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Hugo Chavez's staying power

Now that the Venezuelan president is no longer checked by term limits, he has solidified his role as an autocrat -- and a force that the U.S. must engage.

February 17, 2009

Venezuela just took a democratic step closer to dictatorship. On Sunday, President Hugo Chavez won the right to seek reelection ad infinitum, prevailing in a referendum that eliminated term limits for the presidency and other elected offices. Although the balloting was deemed valid by opposition leaders, who have said they will not contest the results, the victory came about because of Chavez's gross misuse of government funds, government workers and federal facilities for the campaign, and neighborhood enforcers to "persuade" voters to support him. He lost a similar vote 14 months ago, but was clearly determined to become president-in-perpetuity and to have Venezuelans vote until they voted his way.

Chavez says the people have chosen to make his Bolivarian Revolution permanent. Maybe. But this was not democracy in action. It was the latest accretion of power by a president who essentially controls the Congress, the Supreme Court and the National Electoral Council, which supervises elections. Campaigning relentlessly, Chavez cast the vote as a referendum not just on term limits but on him personally and on voters' commitment to socialist ideology. It was a tussle between those who love the president for his allegiance to the nation's poor -- Chavez warned that his education, healthcare and business programs for the underprivileged would end with his term in 2013 if he lost -- and those who fear him as a power-seeking autocrat. But these are not contradictory views: Chavez is a dictatorial executive, albeit one who gives ordinary Venezuelans a share in the nation's oil wealth -- even, some economists believe, at the expense of the country's long-term economic health.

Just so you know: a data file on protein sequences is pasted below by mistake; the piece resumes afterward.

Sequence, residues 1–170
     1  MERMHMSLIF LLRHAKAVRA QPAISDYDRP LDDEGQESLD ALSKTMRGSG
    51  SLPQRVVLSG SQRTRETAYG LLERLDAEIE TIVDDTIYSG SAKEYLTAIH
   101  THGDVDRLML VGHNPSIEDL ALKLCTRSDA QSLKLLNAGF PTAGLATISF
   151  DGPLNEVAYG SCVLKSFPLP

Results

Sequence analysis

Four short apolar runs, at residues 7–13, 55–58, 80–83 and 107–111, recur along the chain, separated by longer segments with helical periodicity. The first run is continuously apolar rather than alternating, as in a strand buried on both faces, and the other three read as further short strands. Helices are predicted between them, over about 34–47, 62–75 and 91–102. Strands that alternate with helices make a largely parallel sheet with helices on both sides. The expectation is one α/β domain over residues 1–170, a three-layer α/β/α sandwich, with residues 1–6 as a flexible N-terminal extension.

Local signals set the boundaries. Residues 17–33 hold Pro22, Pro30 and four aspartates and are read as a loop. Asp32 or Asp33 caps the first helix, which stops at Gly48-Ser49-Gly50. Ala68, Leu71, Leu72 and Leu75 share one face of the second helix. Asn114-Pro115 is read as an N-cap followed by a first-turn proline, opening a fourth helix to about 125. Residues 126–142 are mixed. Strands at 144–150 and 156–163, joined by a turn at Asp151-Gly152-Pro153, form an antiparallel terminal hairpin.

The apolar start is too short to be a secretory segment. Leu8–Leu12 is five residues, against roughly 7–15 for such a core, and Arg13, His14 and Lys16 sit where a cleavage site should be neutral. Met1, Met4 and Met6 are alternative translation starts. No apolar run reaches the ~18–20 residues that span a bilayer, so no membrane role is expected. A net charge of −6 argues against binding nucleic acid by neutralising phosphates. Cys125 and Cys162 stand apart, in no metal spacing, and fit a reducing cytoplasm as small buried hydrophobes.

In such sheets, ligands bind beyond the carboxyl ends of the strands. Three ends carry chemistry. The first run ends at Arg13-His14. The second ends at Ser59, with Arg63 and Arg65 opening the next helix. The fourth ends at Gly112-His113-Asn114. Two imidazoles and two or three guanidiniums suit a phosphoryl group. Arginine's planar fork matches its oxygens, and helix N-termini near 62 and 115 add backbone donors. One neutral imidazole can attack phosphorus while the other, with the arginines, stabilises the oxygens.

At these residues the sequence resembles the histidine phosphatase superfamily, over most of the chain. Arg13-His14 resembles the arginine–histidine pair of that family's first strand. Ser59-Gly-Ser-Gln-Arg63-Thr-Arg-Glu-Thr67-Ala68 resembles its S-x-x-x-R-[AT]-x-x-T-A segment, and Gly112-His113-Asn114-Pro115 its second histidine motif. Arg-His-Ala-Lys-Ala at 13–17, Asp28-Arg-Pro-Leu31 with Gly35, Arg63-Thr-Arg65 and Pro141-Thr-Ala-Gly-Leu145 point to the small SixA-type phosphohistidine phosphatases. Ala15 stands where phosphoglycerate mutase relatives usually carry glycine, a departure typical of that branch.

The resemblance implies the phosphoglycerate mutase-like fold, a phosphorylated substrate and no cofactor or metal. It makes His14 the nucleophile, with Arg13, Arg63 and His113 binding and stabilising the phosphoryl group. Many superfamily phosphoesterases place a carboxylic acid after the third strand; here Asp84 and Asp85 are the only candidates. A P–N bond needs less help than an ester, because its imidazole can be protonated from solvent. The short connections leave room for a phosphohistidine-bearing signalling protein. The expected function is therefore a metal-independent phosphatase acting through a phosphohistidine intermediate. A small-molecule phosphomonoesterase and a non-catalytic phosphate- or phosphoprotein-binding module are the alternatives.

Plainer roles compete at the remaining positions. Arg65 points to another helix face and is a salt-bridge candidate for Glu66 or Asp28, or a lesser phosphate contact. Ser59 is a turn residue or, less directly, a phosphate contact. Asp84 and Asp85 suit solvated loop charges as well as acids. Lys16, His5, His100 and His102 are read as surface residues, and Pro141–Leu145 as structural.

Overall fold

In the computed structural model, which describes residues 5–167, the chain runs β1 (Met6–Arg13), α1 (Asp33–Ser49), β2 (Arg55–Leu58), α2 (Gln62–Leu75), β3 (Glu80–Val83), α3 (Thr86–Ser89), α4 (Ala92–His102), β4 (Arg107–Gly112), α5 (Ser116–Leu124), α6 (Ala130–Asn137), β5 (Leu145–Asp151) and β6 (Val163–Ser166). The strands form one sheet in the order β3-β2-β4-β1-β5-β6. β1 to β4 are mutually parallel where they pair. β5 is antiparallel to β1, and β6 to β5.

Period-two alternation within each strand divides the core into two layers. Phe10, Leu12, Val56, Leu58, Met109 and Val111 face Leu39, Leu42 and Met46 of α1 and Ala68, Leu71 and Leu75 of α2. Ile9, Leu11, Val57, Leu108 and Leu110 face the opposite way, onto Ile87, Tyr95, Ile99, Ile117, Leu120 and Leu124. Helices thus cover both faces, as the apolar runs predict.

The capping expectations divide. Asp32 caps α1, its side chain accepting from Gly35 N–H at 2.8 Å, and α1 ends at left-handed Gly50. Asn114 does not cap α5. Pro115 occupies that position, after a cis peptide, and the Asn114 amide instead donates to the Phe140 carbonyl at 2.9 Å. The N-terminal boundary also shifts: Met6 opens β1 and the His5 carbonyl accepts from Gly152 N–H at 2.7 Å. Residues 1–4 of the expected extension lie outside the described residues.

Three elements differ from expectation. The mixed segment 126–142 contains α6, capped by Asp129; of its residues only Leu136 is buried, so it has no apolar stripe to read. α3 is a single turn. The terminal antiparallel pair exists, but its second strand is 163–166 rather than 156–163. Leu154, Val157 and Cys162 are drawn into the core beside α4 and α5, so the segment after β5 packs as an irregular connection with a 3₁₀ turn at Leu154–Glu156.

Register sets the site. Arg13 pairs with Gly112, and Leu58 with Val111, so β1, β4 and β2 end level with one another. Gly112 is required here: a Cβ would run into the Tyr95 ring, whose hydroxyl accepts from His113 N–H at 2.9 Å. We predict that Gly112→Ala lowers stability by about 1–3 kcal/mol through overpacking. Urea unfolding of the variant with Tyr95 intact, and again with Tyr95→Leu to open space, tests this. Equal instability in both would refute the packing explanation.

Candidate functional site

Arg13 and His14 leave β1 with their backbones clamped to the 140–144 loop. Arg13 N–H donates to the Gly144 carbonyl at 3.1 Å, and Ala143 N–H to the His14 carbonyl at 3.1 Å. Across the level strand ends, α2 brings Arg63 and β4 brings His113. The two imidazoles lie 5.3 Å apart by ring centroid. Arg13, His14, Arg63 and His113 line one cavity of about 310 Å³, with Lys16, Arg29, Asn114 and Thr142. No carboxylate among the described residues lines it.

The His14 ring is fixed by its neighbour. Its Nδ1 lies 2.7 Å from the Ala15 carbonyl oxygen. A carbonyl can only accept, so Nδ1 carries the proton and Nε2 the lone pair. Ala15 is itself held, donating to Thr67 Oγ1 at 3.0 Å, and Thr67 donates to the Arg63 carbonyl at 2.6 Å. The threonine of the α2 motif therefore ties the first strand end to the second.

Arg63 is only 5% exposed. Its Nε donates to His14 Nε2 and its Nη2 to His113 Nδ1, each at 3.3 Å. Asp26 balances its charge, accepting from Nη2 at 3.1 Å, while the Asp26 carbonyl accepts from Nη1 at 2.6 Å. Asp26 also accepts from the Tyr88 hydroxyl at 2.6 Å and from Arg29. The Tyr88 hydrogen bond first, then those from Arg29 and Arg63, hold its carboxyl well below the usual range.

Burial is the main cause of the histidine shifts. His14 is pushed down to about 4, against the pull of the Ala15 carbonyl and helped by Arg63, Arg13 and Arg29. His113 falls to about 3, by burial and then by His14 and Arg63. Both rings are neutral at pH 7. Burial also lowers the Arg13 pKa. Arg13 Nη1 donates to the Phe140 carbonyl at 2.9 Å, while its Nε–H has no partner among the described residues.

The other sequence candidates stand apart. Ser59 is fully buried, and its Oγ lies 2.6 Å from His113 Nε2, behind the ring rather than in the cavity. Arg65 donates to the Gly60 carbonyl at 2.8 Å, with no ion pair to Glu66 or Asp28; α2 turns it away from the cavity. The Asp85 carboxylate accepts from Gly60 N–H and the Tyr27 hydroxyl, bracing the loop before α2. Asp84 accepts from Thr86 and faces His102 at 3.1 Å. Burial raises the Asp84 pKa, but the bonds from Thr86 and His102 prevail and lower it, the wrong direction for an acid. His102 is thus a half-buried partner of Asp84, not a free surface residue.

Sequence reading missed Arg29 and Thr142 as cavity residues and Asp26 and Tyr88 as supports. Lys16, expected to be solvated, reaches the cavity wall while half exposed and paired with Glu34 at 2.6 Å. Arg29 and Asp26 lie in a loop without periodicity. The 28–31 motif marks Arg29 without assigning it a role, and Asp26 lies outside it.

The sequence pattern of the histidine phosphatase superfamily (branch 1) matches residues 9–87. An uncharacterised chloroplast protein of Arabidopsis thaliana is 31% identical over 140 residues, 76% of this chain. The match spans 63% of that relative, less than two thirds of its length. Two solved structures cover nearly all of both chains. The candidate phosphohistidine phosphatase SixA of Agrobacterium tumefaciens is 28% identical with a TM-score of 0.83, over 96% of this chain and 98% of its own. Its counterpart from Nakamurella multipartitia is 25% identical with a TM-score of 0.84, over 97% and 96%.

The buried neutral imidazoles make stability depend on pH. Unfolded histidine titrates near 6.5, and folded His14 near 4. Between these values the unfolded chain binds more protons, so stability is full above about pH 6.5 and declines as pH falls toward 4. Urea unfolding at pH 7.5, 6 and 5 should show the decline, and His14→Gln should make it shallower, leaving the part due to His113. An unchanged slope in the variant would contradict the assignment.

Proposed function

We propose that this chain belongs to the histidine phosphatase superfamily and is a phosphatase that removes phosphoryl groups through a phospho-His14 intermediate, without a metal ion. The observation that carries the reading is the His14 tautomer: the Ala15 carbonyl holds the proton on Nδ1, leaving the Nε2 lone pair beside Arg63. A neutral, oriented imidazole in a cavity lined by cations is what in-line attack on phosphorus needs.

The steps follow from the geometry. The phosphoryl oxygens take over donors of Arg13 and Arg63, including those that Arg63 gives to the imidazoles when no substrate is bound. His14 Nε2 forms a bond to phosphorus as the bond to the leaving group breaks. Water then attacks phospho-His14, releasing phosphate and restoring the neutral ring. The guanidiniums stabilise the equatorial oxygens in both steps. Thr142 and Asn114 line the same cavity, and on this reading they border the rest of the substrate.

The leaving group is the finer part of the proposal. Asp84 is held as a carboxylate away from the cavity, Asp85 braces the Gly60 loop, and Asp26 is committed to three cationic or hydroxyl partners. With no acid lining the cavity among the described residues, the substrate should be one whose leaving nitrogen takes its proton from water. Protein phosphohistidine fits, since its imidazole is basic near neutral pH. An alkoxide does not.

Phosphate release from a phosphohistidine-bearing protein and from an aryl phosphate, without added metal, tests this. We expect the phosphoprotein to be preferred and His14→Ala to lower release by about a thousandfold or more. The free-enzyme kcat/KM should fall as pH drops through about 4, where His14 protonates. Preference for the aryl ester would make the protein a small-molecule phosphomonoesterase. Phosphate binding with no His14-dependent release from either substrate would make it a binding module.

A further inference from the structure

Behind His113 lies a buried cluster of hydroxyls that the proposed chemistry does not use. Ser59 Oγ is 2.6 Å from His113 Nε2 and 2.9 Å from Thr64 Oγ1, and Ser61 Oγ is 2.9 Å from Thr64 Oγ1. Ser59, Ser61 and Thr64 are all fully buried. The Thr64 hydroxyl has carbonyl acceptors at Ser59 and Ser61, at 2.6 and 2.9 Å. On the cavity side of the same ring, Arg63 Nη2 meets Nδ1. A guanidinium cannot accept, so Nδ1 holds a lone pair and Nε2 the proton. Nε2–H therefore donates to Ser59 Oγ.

It is important, however, that the U.S. not allow Venezuela's domestic politics to hinder our diplomatic efforts in the region. The Bush administration's mix of incompetence and swagger -- its emphasis on useless drug eradication and eschewing of poverty reduction -- played into Chavez's hands, allowing him to paint the U.S. as an elitist menace. It is sobering that in supporting Chavez, many Venezuelans also saw themselves as opposing the United States. So, as much as we deplore what looks like the incremental disintegration of democracy in Venezuela, the U.S. must reengage with Chavez. There are many issues of mutual interest and importance to both countries: trade, immigration, economic development, drug policy and a resolution to the leftist guerrilla conflict across the border in Colombia.

Chavez has joked that he plans to stay in office until 2049. And Sunday's vote shows that in crafting its policy for Latin America, the Obama administration will have to take him seriously.

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